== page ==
It’s been a Gatsby weekend. I finally saw the movie, which I loved. I reread the book for the third time, which I continue to love even more. I even made a promise to address everyone as “Old Sport” all weekend in honor of Mr. Gatsby.
Rereading the book has been a delight. Rarely does a book make me laugh in giddy joy simply by the arrangement of words on a page. I’ve written about Gatsby quite often — strange for a blog about going vegan — and as I read the book again I was trying to think what it is that makes me love this book so. In school I didn’t particularly enjoy it, but now I have to agree with many that those eight chapters and 180 pages are among the finest ever written.
When I started this blog and got my first follower and my first comment, I thought, “Wow, ain’t that cool. Someone actually read my stuff.” Six months later I get this little notification from WordPress: seems I’ve surpassed a thousand followers on WordPress.com.
I’d like to give a giant shout out to Discovering Garrett for being lucky number 1000! You win, well, gee-whiz, I don’t really have anything cool to give you. So I’ll just wish you best of luck on the new EP you will be releasing. Yeah, it’s scary, but someone once told me you should be uncomfortable every day, because that is the only way to grow as a person.
The internet is filled with writers, opinions and advice. Some of it is excellent. Much of it is utter nonsense. To paraphrase my favorite favorite fictional vice president as played by Julia Louis-Dreyfuss: I’ve met plenty of people, and most of them are pretty fucking stupid.
Sometimes it seems writers spend more time writing about writing than they do actually writing. I know. You’re probably thinking, Jeff, isn’t this exactly what you’re doing right now? You got me. Guilty. The only reason I’m adding to the nonsense is because people have asked. And, well, let me be perfectly honest. I should be productive and start working on the two articles that are due Friday morning, but I’m putting that off by blogging about writing instead.
Since going vegan, one thing has fascinated me more than anything — other people’s reactions. Who would have thought simply trying to eat more vegetables would be a cause for such concern among friends, acquaintances and random strangers. Some people even seem downright offended. “Are you serious?” they practically ask with a sneer. “Who doesn’t want cheese on their pizza?”
People being curious, sometimes idiotic, occasionally judgmental — no surprise there. That’s life. What’s odd is how no one used to be any of those things or continues to be any of those things when I swing to the other end of the spectrum. I can show up with a gallon of mountain dew, a large double cheese and pepperoni pizza, and a container full of cookies and no one bats an eye.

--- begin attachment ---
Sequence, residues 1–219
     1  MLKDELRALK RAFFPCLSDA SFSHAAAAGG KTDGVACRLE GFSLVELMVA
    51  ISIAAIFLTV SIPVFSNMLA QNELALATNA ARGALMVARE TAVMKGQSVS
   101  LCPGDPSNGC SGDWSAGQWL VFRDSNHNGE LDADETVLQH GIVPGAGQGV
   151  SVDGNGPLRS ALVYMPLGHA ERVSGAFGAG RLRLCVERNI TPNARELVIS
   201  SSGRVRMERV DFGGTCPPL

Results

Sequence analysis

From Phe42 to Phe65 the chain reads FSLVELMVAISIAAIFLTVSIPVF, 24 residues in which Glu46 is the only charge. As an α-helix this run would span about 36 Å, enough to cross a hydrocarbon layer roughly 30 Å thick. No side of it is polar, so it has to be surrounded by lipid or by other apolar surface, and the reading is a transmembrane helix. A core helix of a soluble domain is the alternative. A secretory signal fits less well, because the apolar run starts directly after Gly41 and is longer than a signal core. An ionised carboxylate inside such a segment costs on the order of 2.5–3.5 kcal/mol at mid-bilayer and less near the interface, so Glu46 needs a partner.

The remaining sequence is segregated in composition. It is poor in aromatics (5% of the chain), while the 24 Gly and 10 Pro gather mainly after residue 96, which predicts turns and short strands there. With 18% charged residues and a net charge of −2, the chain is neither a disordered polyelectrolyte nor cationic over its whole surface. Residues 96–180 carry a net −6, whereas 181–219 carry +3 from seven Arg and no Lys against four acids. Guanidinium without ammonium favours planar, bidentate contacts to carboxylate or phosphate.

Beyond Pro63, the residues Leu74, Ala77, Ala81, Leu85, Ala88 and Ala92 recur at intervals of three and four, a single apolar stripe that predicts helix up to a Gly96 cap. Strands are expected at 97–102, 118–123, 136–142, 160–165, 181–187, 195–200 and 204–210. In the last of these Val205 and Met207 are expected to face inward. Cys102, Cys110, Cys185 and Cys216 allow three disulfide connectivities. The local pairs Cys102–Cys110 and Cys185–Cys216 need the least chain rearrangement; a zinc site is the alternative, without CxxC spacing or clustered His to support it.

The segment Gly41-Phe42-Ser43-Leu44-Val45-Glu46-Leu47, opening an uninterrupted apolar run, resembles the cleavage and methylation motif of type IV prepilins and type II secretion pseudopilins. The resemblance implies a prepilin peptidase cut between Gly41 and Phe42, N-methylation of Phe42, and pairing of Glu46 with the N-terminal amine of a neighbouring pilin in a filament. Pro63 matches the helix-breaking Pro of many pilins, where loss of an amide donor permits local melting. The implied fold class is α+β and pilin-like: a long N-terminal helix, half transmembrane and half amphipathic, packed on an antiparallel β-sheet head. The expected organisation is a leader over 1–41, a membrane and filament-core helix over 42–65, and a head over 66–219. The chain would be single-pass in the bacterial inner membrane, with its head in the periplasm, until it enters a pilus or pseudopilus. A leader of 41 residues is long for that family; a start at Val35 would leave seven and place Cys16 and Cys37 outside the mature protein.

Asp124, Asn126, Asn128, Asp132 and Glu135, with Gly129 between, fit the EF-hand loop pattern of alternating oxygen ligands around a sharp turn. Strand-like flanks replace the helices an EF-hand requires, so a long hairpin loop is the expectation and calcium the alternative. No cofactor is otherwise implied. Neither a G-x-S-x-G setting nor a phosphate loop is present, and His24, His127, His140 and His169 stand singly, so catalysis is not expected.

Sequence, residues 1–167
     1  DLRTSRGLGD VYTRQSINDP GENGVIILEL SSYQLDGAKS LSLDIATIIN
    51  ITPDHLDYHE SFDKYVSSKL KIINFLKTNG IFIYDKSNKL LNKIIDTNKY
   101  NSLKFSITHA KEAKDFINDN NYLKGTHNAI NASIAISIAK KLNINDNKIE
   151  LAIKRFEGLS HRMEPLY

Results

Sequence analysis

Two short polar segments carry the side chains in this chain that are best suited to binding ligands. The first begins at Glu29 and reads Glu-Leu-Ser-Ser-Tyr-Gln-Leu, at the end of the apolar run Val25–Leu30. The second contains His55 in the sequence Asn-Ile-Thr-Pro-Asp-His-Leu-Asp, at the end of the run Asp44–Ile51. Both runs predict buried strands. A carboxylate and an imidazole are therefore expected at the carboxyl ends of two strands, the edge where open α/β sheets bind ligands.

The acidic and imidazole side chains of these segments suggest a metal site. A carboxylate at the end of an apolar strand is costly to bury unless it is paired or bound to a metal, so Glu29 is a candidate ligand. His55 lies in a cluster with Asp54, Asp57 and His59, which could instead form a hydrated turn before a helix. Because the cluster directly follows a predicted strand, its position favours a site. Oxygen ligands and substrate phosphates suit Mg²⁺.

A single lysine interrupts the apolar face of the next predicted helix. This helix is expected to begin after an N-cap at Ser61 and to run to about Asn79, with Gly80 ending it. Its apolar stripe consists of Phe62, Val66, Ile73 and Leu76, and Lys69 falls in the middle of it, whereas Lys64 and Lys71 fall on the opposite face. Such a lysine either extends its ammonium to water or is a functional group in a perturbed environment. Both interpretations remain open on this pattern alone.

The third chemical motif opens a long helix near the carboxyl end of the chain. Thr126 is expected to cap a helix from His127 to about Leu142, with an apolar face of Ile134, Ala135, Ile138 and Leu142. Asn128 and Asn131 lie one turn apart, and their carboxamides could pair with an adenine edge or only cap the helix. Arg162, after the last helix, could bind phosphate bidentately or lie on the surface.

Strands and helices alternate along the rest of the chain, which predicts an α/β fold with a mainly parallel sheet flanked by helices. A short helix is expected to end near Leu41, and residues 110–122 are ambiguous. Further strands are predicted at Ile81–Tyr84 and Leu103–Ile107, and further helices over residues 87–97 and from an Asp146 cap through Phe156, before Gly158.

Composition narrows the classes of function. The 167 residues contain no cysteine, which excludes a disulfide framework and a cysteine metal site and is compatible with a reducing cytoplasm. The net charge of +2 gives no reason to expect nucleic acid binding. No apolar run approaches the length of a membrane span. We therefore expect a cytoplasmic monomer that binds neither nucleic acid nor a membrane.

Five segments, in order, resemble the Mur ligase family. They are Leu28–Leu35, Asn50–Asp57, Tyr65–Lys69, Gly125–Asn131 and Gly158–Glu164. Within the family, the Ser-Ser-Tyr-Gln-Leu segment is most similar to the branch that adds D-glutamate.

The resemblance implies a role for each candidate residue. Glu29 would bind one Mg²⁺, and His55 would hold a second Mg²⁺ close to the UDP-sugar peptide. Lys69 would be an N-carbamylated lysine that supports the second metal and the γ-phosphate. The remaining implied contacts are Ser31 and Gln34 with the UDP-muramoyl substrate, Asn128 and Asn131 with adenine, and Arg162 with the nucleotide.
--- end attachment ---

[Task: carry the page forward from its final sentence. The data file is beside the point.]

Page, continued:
It is childish, someone once told me, to return to the same thing again and again. Children will re-watch movies dozens of times. They will want the same book read to them every night. They will listen to the same song again and again, and so I always viewed it as a childish act.
Think of all the grandeur in the world — all the books and songs and films. There’s so much greatness that no one can possibly experience it all in their lifetime. It’s impossible to read them all, to hear them all, to see them all. And it is our duty to soak up as many as we can before leaving this great world.
Poetry is supposed to be spoken. I imagine a time before the internet, before television, before radio. The people there are crowded around poets, listening to their words. When I was a kid I discovered Russell Simmons Presents Def Poetry on HBO. I’d watch the poets late at night, and though I didn’t understand half of them, they fascinated me.
April was National Poetry Month, and I spent the day watching some of the old clips on YouTube. I’m a bit late to the party, but oh well. Here are 14 of my favorite def poets.
The one thing that amazes me whenever I read about freelance writing online — no one ever mentions sources. What’s a good story without a good source? In fact, think it’s so important I’m leading off this series with the topic.
I blame blogging. Or the internet. You could say it’s lazy journalism, but I’m going out on a limb and saying people just do not know any better. Say you’re a reporter. There’s a fire, and you have to write a story. That’s easy. Everyone knows what to do, even if you’ve never written anything before.
May 1st I stepped on the scale — 326.
Ahh! When will I ever hit the 50 pound mark? Oh, you mean eating Skittles every day is a bad idea. Okay, makes sense.
But it’s not all bad news. At least I’m back on track after wallowing in the 330’s for months. I lost a whole 10 pounds this month, and, honestly, I can eat and certainly exercise a lot better than I’ve been.
“At the beginning of the year the teacher was told some of her students were gifted, and she should she expect some of them to grow by leaps and bounds,” my professor said. I was sitting in an introductory sociology course. It was the first time I’d learn of theories like expectancy and self-fulfilling prophecies.
“In reality the students she was told were gifted were chosen completely at random. They were no different from the others. But do you know what happened?” he asked. No one spoke up. “By the end of the year they were at the top of their class. The teacher raised her expectations, asked those few students she perceived to be smarter to work harder, and, amazingly, they did. The power of suggestion has amazing ramifications.”